Profile: The beer that launched Brooklyn Brewery in 1988 is still going strong and even won a Gold Medal at the 2010 World Beer Championships. The Vienna-style amber lager is dry-hopped and features a nice balance of floral aroma, caramel malt flavor and refreshing bitterness.
Pair with: One of the most versatile food beers around, Brooklyn brew master Garrett Oliver recommends pairing it with pizza, burgers, Mexican food, roast chicken, barbecue, fried fish, pork and Chinese dishes, or cheeses like manchego or Stilton.
In his new book, “The Craft Beer Revolution: How a Band of Microbrewers Is Transforming the World’s Favorite Drink” (Palgrave Macmillan, $25), Steve Hindy chronicles nearly 50 years of American craft brewing history, from Fritz Maytag buying Anchor Brewing in 1965 to the current boom of innovative new breweries.
Hindy is a good man for the job for many reasons. As a former Associated Press Middle East correspondent, he knows how to get the facts and tell a good story — and he tells it warts and all. As the president and chairman of Brooklyn Brewery, which he co-founded in 1988, he’s been both a craft beer eyewitness and a major player. And, nowadays, his membership on the boards of directors of the Beer Institute and the Brewers Association gives him what he modestly calls a “unique perspective as an insider.”
Q: For some people, I think this book might come as a bit of a shock. You really get into some of the controversy and bickering that was and still is part of craft beer history, from the earliest days of the Great American Beer Festival.
A: I talked to a lot of younger brewers who looked at the book and the reaction was "Wow. I hadn't realized all those battles took place back in the day." I think it's important to have that perspective on what has brought us to where we are today. A lot of those battles were pretty passionate at the time. But I think they really resulted in a stronger, more unified industry.
Q: Jim Koch and Boston Beer Co. seem to have been a lightning rod. You write about some personal confrontations.
A: Within 10 years of going into business, Jim was in all 50 states. So that means Jim was competing with everybody, up close and personal. That definitely is a big part of the reason for his many critics and battles over the years, But Jim, too, wanted things to get better and ultimately contributed a lot to the growth of the industry and the growth of the Brewers Association. Actually, we get along great now. He even wrote a blurb for the book (laughs). I have a lot of respect for Jim. He really is the hardest-working guy in the beer business. And he's a great guy to have a beer with.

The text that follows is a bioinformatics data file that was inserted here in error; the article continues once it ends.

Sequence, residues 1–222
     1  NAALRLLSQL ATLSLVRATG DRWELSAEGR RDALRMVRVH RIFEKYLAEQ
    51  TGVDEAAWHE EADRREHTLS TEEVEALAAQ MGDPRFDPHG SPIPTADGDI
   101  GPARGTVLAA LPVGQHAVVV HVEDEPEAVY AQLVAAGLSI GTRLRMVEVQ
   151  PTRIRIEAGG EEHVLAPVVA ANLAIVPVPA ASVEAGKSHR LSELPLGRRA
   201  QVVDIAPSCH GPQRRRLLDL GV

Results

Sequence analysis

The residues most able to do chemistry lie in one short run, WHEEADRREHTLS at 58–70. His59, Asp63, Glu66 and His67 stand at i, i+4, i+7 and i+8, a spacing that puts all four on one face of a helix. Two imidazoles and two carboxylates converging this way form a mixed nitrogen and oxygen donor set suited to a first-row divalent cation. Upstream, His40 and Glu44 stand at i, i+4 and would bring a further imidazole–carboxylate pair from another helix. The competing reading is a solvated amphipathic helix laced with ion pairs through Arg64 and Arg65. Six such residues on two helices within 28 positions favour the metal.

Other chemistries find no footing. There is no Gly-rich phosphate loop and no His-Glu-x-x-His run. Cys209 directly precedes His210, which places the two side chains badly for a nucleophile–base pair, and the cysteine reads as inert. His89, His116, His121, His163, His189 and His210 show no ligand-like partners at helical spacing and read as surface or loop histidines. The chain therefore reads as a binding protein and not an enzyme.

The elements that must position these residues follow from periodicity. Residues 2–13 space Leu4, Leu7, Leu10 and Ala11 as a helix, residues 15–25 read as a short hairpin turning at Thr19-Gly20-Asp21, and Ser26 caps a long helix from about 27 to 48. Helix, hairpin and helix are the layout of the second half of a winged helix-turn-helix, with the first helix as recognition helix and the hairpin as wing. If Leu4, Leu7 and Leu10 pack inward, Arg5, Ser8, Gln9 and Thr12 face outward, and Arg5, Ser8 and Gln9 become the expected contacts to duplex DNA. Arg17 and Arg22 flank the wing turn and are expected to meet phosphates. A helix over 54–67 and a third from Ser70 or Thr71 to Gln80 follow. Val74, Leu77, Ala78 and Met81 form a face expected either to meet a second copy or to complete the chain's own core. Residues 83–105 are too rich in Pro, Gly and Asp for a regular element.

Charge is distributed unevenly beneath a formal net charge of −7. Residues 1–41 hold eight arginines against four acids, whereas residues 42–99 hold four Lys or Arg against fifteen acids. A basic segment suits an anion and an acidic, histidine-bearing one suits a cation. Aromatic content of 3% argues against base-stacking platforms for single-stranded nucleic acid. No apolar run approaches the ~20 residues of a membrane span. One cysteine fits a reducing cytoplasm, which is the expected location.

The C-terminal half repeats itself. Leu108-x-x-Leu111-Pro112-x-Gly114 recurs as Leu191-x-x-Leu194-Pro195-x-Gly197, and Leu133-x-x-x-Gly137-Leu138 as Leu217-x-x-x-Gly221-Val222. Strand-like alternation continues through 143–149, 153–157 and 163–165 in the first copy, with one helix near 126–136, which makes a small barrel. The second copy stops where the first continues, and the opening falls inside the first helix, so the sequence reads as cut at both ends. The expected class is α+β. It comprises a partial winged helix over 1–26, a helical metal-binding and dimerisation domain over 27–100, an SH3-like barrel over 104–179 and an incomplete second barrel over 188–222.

Q: In the chapter “Big Money Meets Craft Brewing 1994-2000” you trace a pivotal era, and you write about the list of failed breweries you kept pinned to the wall in your office, which from 1995 to 1998 grew to about 40.
A: It was a nervous time. Another thing I realized writing the book, all those breweries that came into existence in the '90s were really important in broadening the perspective of craft brewing. Doing the Belgian styles and really beginning to innovate. All that stuff happened during the so-called "shakeout."
Q: You record the accomplishments of the second generation you call the “innovators,” and that continues with the incredible growth we’re seeing now with the third generation of brewers.
A: I was impressed by the amount of experimentation that was going on. That was about the time that (Brooklyn brew master Garrett Oliver) joined us, and Garrett took us into that world of experimentation and innovation. He really gave Brooklyn Brewery a whole new dawn. The first beer he did was Brooklyn Black Chocolate Stout, which at the time was considered off the charts. And then he did Brooklyn East India Pale Ale. It went on from there with Belgian-style beers and barrel-aged beers. Brooklyn Lager is still 50 percent of our business. But the other 50 percent is a range of different kinds of beers.
Q. Where is craft beer headed next?
A: People know what craft beer is now. And they know what good craft beer is. They are not as forgiving as they were back in the '80s. But it's amazing all the different models that are emerging. It's like there are niches on the niches now. There's an incredible proliferation of different approaches and different styles of beer. I think there are going to be success stories in all those different categories. There's not going to be a category killer for craft beer. It's going to be like fish in the sea or flowers in the field.